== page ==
Goichi Suda, or “Suda51,” is an iconoclast video game auteur whose studio, Grasshopper Manufacture, has built a cult following with subversive and outrageous titles. His games are irreverent pieces of interactive punk rock, perhaps the most definitive being 2007’s No More Heroes. An inordinately bloody ordeal, it’s one of the most unforgiving meta-commentaries on action games and their binds to the male power fantasy. This year sees the release of the much-anticipated sequel, No More Heroes III, making for an opportune time to look back at the original.
In No More Heroes, players take on the role of Travis Touchdown, a stereotypical geek in his late 20s who is obsessed with video games, anime, and American film, dripping with the swagger of a wannabe badass. After purchasing a “beam katana” online, he enters a convoluted, murderous game to become the world’s number one ranked assassin. As he collects coins and heads in the fictional California town of Santa Destroy, he faces off with a roster of sad killers who are unamused with the game’s brutal antics. The game’s narrative beats directly undermine his quest to be number one.
While many audience proxies in action games are physically dominant, courageous, and charming (bolstering tired archetypes of heteronormative masculinity), Travis represents the result of interiorizing the messaging of such media. He is lonely because he prioritizes escapism, and the “cool” image he believes he projects is instead, to my eyes, off-putting. Travis represents an audience that has been taught to view games as something to conquer, not experience. To that end, his horniness leads him down a path of aggression. Male power fantasies often objectify women, who become trophies under the guise of a quest for true love or to fulfill an heroic duty. Sylvia, the organizer of the assassin battles, cuts through the bullshit, calling out Travis for what he really wants, which is for her to sleep with him. She uses his desire to nudge him further down the path of violence — and to extract money from him. Travis fights for a woman who needs no saving and for a title that has no meaning.
No More Heroes has a notoriously tedious core gameplay loop. In order to pay his entrance fee for each fight, Travis navigates the desolate environment of Santa Destroy in search of odd jobs. These jobs are purposefully mindless mini-games, consisting of everything from knocking coconuts out of trees to mowing lawns. It forces the player to power through mundanity to experience the actual gameplay, a sobering parallel with the real-life games/consumer relationship. Then, once the fights are underway, Travis confronts swarms of identical henchmen. The combat mechanics are intentionally rudimentary and unvarying, primarily involving mashing buttons. The process becomes tiresome and numbing. It hammers in the pointlessness of excessive, stylistic game violence, positing the romanticizing of honor and heroism as masturbatory. (In the original Nintendo Wii version, you even have to suggestively shake the motion-sensitive remote to recharge Travis’s weapons.) Once Travis encounters his main foes, the ranked assassins, most of them spend their screen time warning of the emptiness that comes with chasing the top rank and meditating on why they kill. The transparent subtext is an examination of why people play violent games. The characters don’t (usually) directly break the fourth wall, but their dialogue demonstrates self-awareness of their role as fodder for more gore.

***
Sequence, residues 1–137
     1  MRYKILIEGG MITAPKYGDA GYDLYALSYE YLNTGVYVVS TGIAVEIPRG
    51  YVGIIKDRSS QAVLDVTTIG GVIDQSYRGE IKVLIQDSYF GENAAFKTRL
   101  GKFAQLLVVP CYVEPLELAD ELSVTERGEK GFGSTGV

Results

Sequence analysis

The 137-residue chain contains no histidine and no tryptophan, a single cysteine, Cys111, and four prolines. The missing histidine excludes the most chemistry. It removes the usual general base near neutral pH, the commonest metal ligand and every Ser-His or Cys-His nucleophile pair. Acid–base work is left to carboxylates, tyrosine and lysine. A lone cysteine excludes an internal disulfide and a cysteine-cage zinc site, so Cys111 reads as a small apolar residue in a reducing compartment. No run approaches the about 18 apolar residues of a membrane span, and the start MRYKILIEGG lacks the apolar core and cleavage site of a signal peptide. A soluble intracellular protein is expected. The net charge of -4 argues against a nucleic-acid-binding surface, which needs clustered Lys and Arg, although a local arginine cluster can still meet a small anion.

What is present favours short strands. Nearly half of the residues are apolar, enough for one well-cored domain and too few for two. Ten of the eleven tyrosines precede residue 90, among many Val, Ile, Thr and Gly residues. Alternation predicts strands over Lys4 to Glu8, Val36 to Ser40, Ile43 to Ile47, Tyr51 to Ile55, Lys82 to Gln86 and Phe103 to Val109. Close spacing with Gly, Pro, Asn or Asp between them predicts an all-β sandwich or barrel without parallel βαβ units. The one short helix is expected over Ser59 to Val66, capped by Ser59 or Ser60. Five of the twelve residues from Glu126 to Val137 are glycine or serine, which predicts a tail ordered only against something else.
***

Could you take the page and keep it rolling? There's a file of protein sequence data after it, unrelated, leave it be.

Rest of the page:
Each of these encounters subverts various tropes of standard game boss fights. My favorite is Bad Girl, whom Travis calls “a perverted killing maniac,” only for her to immediately call him out on his hypocrisy. Another standout is Destroyman, a seemingly archetypical American superhero. In stark contrast to his noble appearance, he talks about how he “can’t stand people with their nonsense complaints,” and asks that Travis look away so he can put on his superhero getup, only to cheaply blast him when his back is turned. At one point, the game elaborately introduces a gargantuan robot enemy, only for it to be comedically destroyed before you can even press “A.” The intricate setup with no payoff functions as yet another moment in which Travis (and the player) are offered a standard male power fantasy trope, only for it to be ripped away.
The game’s 2010 sequel, No More Heroes 2: Desperate Struggle, was criticized for buying into everything the original poked fun at. Travis becomes an actual badass and iconic assassin within the game’s world. Rather than critique the genre, it centers on a revenge plot, glorifying Travis’s killing spree with over-the-top action set pieces, complete with an unironic mecha battle. Notably, Suda51 was mostly uninvolved with its production, which is perhaps why it lacked any biting perspective. Time will tell whether No More Heroes III, which sees him back in charge, will provide any fresh commentary. Though it’s been some years since the original, violent action-oriented games still rule supreme in this industry.